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Home Employers Industry Insights for Employers and Brokers Informed on ReformCadillac Tax

Cadillac Tax

On December 20, 2019, President Trump signed into law a full repeal of the Cadillac Tax (along with other ACA taxes). Read our news alert for more details.

Excise “Cadillac” Tax

This 40% tax on high-cost employer plans has been fully repealed and will never take effect.

Alliance to Fight the 40

Many employers, unions, insurers and health insurance industry groups would like to see this tax repealed or modified.

The Alliance is a group of stakeholders seeking to repeal the 40% Cadillac Tax.

Excise “Cadillac” Tax Details

On January 22, 2018, Congress passed and the President signed a two-year delay of the 40 percent excise tax on high-cost employer-sponsored health plans, also known as the “Cadillac Tax.” This delay was part of a short-term federal spending bill and changes the effective date from 2020 to 2022. The tax was delayed once before through the Consolidated Appropriations Act of 2016.

In February and July 2015, the Internal Revenue Service (IRS) issued notices covering a number of issues concerning the Cadillac Tax, and requested comments on the possible approaches that could ultimately be incorporated into proposed regulations. While the tax was originally non-tax deductible, the December 2015 changes suggest it will be tax deductible for employers who pay it.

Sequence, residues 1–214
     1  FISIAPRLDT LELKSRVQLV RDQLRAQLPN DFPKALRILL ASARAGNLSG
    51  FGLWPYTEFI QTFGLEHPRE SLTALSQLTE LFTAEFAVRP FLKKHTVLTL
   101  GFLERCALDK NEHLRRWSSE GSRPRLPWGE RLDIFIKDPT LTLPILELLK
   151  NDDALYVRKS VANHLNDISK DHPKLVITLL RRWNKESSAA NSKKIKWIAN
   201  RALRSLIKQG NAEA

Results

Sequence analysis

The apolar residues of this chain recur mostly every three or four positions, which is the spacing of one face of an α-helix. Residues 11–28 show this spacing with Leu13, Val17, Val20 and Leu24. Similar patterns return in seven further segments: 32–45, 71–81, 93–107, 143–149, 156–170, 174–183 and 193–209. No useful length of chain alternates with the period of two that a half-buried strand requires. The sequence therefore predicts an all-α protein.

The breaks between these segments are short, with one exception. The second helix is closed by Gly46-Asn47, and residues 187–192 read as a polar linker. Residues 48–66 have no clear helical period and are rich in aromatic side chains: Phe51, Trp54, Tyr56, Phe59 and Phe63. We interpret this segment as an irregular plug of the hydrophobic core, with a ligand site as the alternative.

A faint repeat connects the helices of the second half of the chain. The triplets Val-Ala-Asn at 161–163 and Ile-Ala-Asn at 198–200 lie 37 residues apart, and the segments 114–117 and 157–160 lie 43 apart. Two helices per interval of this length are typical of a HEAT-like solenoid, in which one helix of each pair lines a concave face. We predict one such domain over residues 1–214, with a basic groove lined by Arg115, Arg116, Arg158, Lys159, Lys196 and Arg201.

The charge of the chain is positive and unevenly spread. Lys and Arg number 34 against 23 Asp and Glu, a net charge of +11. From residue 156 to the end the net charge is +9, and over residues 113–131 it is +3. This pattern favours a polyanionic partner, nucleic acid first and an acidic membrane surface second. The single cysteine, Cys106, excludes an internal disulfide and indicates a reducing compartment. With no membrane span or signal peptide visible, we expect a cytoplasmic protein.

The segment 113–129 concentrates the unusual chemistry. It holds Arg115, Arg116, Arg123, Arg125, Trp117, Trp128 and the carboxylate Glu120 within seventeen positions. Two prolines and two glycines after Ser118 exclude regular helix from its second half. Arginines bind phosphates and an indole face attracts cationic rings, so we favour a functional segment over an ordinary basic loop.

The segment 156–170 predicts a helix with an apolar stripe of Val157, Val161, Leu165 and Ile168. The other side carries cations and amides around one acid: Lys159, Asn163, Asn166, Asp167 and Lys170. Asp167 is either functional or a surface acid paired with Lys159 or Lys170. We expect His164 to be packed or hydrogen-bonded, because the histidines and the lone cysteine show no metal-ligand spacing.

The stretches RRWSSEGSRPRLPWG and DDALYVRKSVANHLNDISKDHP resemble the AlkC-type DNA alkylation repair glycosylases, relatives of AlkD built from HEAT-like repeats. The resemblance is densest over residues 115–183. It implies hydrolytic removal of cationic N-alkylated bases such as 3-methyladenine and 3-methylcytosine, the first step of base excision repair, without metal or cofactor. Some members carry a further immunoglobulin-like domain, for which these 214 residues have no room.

View Printer-Friendly Fact Sheet [PDF]

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* As indicated by IRS notice issued on February 23, 2015 and subject to future regulatory clarification.

How it works: Examples based on current threshold amounts

Note: These threshold amounts will be indexed before the tax takes effect in 2022.

Self-only coverage

A $12,000 individual plan would pay an excise tax of $720 per covered employee:

$12,000 – $10,200 = $1,800 above the $10,200 threshold

$1,800 x 40% = $720

Family coverage

A $32,000 family plan would pay an excise tax of $1,800 per covered employee:

$32,000 – $27,500 = $4,500 above the $27,500 threshold

$4,500 x 40% = $1,800

These charts show how the tax increases as the plan’s cost increases

Self-only coverage

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Family coverage

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